Beany2013 - Saturday, March 5, 2016 - linkTo be honest, the best way to get an amateur to take better photos is to hunt down a professional photographer and find out how much they'd charge for a consultation. Given that AT isn't a professional photography site, I'd wager most wouldn't mind not being the ones taking the photos, and would appreciate letting an interested amateur pick up some tips from the trade to improve their overall craft.
I've been trying to get a semi-client of mine who operates a photobooth to do this for near three years now (I'm not a pro snapper so I don't feel I can teach him well enough) but he still doesn't do it - presumably, texting me is cheaper as I only charge in coffee and cake ;-)
But it's definitely worth a pop. Taking a usable photo is fine, taking a really nice, professional *looking* photo is very much it's own reward.
I agree with other commenters that the main meat of the article is definitely the words though; these photos might not be studio quality, but they're plenty clear enough for their purpose. Having them a bit nicer would be a bonus, and as a techy person and amateur snapper myself, I'm pretty certain Brett would enjoy learning how to bodge some nicer pics in - it's a lot of fun messing with this stuff with 'our' analytical kind of mindset.
Shadow7037932 - Saturday, March 5, 2016 - linkHere's the thing, you don't need $10k in gear to take good photos. You can get a refurb D3200/D3300 (~$330-350) with a fast standard zoom with good sharpness (Sigma 17-50 f2.8 OS HSM) for ~$300-350. Add in an off camera flash or two (~$60-70ea). Add in a CPL filter (~$50-60 for a good one) for dealing with reflections and a light box (~$40-50 for a large one) and you're all set.
As far as white balance and other things goes, shoot RAW, and deal with it in post. Or do it in camera using the custom white balance.
nagi603 - Monday, March 7, 2016 - linkAs someone who has invested into photography, you don't need 10k. Not even close. Frankly, your micron shot doesn't even have correct white balance. Fixing that would be a breeze if you shoot in RAW, use the same temperature lights, and used any post processing software. And yes, I've been there, I did shoot stuff as a journalist. Now I'm shooting events as a hobby, so I know what I'm talking about.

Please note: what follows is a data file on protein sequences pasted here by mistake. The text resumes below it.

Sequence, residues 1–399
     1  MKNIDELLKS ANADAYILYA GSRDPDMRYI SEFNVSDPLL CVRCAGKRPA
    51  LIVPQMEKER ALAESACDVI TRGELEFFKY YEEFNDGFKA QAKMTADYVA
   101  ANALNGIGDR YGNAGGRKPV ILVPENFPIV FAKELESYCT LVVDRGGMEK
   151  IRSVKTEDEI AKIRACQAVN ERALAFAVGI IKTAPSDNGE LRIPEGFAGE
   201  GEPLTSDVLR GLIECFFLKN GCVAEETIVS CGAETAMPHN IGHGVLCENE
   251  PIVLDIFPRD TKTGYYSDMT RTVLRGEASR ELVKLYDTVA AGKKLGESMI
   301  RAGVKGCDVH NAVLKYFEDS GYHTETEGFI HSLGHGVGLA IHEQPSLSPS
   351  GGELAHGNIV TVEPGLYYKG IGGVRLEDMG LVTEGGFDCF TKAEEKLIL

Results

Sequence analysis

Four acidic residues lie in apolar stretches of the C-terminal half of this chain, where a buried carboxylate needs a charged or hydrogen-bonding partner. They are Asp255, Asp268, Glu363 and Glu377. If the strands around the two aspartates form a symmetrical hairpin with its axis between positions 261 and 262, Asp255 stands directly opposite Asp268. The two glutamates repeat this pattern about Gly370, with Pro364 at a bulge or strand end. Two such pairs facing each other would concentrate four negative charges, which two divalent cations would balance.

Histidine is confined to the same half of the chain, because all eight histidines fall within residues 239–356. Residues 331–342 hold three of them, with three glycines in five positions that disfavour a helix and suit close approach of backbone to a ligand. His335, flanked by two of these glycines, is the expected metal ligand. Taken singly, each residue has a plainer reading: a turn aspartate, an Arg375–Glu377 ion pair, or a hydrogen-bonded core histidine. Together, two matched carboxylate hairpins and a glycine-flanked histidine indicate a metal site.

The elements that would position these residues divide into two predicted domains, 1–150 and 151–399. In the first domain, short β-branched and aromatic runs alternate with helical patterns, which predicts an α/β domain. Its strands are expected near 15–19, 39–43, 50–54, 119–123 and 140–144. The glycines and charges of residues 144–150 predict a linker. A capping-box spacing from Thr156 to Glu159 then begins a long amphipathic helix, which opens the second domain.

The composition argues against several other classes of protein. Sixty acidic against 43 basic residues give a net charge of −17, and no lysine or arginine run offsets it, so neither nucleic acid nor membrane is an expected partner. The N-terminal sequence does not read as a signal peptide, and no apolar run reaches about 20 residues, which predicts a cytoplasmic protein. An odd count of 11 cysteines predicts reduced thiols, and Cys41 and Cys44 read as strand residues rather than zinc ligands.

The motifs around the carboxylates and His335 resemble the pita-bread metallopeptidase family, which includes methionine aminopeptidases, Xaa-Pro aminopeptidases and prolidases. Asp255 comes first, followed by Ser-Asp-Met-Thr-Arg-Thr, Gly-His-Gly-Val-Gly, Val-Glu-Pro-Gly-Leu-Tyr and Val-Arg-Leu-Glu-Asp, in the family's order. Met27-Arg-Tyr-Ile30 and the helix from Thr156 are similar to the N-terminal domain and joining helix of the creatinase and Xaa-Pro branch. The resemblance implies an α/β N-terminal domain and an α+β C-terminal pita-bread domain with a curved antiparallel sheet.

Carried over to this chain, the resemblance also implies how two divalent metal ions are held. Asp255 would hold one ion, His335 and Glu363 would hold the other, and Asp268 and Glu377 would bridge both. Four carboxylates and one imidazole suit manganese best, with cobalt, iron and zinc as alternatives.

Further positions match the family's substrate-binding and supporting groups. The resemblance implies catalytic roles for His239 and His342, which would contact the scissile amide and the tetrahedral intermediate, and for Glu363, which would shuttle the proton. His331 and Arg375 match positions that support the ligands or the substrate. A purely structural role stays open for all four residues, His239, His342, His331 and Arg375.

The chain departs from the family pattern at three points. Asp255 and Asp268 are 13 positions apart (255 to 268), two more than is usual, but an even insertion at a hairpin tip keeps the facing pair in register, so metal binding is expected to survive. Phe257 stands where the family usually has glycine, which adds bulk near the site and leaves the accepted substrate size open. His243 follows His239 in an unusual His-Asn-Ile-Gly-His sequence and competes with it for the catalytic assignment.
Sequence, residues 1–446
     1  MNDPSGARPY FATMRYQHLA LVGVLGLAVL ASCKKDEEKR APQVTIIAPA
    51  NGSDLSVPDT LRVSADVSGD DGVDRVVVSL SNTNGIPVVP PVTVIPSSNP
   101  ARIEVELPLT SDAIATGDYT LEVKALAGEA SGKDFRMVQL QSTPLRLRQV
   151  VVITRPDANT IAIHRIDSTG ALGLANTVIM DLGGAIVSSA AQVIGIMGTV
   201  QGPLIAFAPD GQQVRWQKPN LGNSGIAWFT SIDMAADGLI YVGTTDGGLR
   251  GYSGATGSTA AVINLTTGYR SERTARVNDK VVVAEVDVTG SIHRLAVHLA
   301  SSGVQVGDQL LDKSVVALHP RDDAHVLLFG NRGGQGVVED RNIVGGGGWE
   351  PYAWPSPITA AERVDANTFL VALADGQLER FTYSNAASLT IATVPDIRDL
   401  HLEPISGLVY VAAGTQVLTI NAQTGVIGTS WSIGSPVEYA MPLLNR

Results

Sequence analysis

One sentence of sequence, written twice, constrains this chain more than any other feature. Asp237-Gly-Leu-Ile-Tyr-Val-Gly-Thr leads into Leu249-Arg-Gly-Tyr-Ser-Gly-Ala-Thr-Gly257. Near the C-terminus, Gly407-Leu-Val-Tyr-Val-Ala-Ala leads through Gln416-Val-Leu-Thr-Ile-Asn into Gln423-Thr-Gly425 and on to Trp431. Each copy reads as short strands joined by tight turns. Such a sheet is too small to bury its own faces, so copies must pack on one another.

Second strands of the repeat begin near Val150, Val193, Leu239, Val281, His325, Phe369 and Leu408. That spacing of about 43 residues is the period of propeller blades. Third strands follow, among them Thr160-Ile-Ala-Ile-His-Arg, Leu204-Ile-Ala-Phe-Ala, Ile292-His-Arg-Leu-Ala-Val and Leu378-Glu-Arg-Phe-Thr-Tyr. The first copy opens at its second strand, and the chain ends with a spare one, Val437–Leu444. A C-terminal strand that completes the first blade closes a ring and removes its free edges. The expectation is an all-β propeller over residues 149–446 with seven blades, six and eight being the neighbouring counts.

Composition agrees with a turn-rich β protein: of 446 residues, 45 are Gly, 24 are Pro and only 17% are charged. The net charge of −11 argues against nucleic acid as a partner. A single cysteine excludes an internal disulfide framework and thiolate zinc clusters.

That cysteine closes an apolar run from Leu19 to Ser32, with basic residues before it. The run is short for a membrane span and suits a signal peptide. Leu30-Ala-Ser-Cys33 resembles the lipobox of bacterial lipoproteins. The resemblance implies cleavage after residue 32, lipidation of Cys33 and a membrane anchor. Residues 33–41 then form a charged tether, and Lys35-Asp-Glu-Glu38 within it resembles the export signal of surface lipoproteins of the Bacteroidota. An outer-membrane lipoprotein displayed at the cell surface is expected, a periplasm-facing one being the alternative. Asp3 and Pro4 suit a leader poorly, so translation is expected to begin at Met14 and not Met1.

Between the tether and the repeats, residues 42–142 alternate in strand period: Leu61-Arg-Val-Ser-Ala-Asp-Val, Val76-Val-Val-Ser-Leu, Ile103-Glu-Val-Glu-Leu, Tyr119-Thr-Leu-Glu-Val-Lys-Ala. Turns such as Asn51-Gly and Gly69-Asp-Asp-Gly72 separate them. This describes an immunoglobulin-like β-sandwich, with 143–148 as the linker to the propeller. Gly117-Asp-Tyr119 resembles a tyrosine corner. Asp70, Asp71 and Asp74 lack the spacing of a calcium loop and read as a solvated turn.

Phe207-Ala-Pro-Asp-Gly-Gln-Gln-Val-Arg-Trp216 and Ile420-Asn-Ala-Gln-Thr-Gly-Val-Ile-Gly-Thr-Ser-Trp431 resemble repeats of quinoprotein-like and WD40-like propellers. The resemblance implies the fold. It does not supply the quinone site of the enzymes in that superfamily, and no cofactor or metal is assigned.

tuxRoller - Sunday, March 6, 2016 - linkIt's too bad the Verge doesn't spend as much time on article content.
Brett Howse - Monday, March 7, 2016 - linkPhotography is clearly not my strongest suit, but I've got some things I will try for the next review which I hope will help with the photos. Laptops are not the easiest thing for my to photograph and get a good result. Please bear with me as I try to step up my game on the images.
trenchtoaster - Friday, March 11, 2016 - linkI have been reading AT for years now and this is the post which drove me to create an account and comment. I literally have no idea why the image you linked is any better than the ones from the article that you posted previously. What makes the image you linked so much better? I feel like I am missing something
sircod - Friday, March 4, 2016 - linkI didn't notice it until you pointed it out, but that is pretty bad. Looks like he is shooting on a Canon EOS Rebel T4i, which apparently doesn't correct geometric distortion on its JPEGs.
Brett Howse - Monday, March 7, 2016 - linkThat's exactly what I am using, and apparently it does not. I, as an amateur photographer, did not even notice the distortion until it was pointed out, but I'll try to avoid it in the future.
close - Monday, March 7, 2016 - linkYou think someone buying a $1500+ laptop takes the decision based on how the pictures of the laptop look like on a website? Maybe people will assume the laptop is all bendy and with uneven color, right? I mean it's obvious they made one side of the laptop too bright and the other too dark.
You go to a review site for he things you can't see in the store, not for some glamour shots. Yeah, of course they could be better but personally I don't think this subtracts anything from the value of the review.
Also going for the IQ argument because you think the picture looks bad makes you look even dumber than your idea that "people won't buy the laptop if the picture wasn't shot RAW".